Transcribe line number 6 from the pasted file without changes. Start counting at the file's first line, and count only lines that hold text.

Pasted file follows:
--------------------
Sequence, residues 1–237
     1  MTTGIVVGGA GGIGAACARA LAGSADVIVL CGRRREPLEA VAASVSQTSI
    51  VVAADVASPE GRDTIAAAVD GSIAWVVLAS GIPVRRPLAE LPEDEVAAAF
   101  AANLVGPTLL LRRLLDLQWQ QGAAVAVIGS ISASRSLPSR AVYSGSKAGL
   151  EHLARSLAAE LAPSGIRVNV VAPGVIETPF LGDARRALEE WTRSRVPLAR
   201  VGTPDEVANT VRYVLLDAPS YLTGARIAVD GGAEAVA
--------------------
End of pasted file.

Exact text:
   201  VGTPDEVANT VRYVLLDAPS YLTGARIAVD GGAEAVA